Early Spring in Your Garden

Slowly but surely, temperatures outside are warming and spring is on the horizon. The change might have you thinking about your garden, especially those popular spring bulbs.

You may already be seeing some flowers from early spring bloomers, like snowdrops, winter aconite or Siberian squill. The best part of this time of year is that, for now, all you need to do is enjoy the flowers. Later, you’ll want to clean the plants up a little bit, but be sure the plant has gone fully dormant first. Don’t remove any green foliage, and let it die back naturally.

If you didn’t quite get your bulbs planted in time for spring this year, you still have time to plant bulbs for summer blooming plants, like lilies and gladiolus. Once the ground thaws, you can plant the bulbs.

You can also start thinking about planting spring bulbs for next season. Be sure to plant them somewhere where the soil drains well because if they get too wet, the bulbs can rot. Bury bulbs two to three times as deep as the bulb’s height.

tree person_Jered Willis
Photo by Jered Willis

Elsewhere around the garden, it’s a great time to do a few chores, like pruning, before spring officially begins. In deciduous trees, now is a great time to get a good view of a tree’s structure. Focus first on removing dead wood back to the trunk or nearest healthy branch union. This is also a good time to address any structural issues, such as branches that are crossing or rubbing and undesirable limbs. Remember to prune conservatively, and ensure that you make good branch collar cuts — the removal of limbs is a source of trauma for a tree. If you are unsure, consult a local ISA certified arborist.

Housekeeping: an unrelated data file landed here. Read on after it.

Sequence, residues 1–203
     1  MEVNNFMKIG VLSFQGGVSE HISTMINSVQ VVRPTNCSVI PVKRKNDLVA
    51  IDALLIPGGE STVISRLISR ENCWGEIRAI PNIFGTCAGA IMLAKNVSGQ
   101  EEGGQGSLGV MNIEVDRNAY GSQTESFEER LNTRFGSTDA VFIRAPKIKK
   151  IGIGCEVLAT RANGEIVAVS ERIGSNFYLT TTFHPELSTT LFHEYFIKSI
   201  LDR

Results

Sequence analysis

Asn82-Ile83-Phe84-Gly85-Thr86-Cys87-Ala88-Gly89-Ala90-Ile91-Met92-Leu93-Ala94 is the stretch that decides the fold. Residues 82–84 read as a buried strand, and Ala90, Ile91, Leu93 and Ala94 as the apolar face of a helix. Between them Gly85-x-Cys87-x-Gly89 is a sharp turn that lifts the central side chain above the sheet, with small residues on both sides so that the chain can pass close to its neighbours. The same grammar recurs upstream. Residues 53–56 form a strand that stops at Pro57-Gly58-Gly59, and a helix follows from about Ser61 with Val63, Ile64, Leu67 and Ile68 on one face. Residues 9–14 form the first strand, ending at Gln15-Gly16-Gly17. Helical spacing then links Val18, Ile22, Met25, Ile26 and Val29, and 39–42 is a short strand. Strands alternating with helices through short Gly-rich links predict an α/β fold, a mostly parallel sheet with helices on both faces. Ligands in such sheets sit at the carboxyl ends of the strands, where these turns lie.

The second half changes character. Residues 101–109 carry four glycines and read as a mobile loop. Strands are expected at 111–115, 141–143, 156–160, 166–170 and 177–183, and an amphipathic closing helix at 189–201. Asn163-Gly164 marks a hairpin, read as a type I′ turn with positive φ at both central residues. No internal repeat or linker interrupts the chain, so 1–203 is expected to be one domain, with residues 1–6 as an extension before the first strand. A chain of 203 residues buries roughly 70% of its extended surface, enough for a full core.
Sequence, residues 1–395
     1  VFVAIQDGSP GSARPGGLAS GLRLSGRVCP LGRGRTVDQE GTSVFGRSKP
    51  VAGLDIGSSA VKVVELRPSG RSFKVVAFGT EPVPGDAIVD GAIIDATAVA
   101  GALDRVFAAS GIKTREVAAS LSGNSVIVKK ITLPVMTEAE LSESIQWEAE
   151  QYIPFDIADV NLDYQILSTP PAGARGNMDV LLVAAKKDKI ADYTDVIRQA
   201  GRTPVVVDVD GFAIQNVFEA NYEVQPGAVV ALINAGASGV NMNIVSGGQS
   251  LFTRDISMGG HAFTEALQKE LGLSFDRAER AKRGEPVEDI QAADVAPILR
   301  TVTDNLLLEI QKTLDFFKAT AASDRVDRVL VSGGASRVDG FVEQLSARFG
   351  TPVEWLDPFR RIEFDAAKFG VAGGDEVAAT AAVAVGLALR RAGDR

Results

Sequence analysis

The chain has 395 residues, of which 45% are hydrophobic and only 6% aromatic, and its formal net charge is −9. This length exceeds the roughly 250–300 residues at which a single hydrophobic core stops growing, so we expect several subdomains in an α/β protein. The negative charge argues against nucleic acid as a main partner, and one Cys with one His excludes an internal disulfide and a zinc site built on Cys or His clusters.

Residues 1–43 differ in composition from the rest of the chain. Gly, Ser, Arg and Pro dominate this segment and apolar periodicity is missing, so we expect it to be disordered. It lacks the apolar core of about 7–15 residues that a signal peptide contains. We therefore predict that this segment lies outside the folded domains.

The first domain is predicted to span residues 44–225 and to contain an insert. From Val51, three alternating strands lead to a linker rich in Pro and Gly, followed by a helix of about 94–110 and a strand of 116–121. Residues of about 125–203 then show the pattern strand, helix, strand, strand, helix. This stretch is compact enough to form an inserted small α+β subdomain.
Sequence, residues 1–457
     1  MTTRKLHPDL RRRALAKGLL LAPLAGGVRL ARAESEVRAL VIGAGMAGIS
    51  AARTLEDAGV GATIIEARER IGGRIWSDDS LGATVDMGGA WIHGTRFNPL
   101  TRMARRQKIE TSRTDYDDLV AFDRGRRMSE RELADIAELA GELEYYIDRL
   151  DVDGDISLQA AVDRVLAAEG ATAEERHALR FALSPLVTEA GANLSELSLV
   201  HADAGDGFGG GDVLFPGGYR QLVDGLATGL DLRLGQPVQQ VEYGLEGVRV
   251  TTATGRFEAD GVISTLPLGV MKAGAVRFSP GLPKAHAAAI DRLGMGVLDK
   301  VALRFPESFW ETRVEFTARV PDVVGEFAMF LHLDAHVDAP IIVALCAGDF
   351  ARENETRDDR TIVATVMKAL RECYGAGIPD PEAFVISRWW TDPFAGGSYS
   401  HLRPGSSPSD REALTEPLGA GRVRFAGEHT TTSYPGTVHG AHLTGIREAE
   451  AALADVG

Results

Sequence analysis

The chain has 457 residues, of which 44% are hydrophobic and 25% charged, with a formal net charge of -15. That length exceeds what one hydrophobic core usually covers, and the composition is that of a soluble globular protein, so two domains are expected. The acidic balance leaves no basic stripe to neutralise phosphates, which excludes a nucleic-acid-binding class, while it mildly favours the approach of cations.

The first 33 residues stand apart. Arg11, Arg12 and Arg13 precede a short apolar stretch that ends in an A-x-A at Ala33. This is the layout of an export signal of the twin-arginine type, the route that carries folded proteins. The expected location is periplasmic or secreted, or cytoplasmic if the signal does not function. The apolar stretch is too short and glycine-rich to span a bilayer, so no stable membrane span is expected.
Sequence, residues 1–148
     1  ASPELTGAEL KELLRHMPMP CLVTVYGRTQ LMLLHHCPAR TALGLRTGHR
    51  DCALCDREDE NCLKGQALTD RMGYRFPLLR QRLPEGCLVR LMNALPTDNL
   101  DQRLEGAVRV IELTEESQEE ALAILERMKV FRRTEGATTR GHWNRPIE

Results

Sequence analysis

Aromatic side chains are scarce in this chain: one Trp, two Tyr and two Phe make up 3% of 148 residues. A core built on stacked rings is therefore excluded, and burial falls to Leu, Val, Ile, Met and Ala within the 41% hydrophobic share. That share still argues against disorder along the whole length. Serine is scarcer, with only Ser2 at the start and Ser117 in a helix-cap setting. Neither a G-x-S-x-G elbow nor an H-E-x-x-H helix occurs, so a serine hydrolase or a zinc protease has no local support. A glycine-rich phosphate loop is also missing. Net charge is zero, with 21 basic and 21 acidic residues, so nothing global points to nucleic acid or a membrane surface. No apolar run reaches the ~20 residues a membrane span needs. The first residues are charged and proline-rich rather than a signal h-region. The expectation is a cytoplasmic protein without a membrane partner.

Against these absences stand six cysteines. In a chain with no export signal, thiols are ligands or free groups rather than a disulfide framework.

It’s also a good time to inspect all plants to look for signs of disease or fungal decay. Again, if you suspect a problem, or aren’t sure what to look for, consult a local certified arborist.

And don’t forget to water plants, as the St. Louis area is prone to extended drought periods and dry winters. Use warm spells to give your trees and shrubs a good healthy drink. For deciduous trees, keep the soil moist, not saturated, to ensure better health for roots. This is especially imperative in evergreen species such as pine, arborvitae, and boxwood, which are extremely subject to drying out.

You can visit our website for more gardening help, or call our Horticulture Answer Service at (314) 577-5143. Master Gardners are available by phone from 9 a.m. to noon, Monday through Friday.
Catherine Martin
Public Information Specialist
Cover photo: Marissa Billmeyer

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